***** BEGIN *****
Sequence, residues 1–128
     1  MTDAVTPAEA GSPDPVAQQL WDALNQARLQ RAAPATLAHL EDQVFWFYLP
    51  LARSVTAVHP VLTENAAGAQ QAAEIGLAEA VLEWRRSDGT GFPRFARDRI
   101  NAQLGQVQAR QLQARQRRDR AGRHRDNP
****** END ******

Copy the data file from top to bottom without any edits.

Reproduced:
Sequence, residues 1–128
     1  MTDAVTPAEA GSPDPVAQQL WDALNQARLQ RAAPATLAHL EDQVFWFYLP
    51  LARSVTAVHP VLTENAAGAQ QAAEIGLAEA VLEWRRSDGT GFPRFARDRI
   101  NAQLGQVQAR QLQARQRRDR AGRHRDNP